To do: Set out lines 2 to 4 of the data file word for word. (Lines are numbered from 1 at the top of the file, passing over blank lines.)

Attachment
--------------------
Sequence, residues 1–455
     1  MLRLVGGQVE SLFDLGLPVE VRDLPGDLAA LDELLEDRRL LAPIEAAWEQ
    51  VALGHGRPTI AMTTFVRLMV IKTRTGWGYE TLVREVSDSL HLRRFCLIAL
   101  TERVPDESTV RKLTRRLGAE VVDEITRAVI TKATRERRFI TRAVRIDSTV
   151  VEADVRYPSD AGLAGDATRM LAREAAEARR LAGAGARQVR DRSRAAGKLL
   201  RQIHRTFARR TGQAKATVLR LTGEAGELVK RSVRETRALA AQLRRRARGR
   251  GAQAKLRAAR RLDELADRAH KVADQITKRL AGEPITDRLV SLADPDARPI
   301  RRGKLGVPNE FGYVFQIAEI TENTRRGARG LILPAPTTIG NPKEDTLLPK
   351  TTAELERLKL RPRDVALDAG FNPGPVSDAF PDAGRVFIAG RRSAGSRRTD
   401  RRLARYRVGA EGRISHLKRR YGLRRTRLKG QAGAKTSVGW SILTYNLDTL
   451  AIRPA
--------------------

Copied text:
     1  MLRLVGGQVE SLFDLGLPVE VRDLPGDLAA LDELLEDRRL LAPIEAAWEQ
    51  VALGHGRPTI AMTTFVRLMV IKTRTGWGYE TLVREVSDSL HLRRFCLIAL
   101  TERVPDESTV RKLTRRLGAE VVDEITRAVI TKATRERRFI TRAVRIDSTV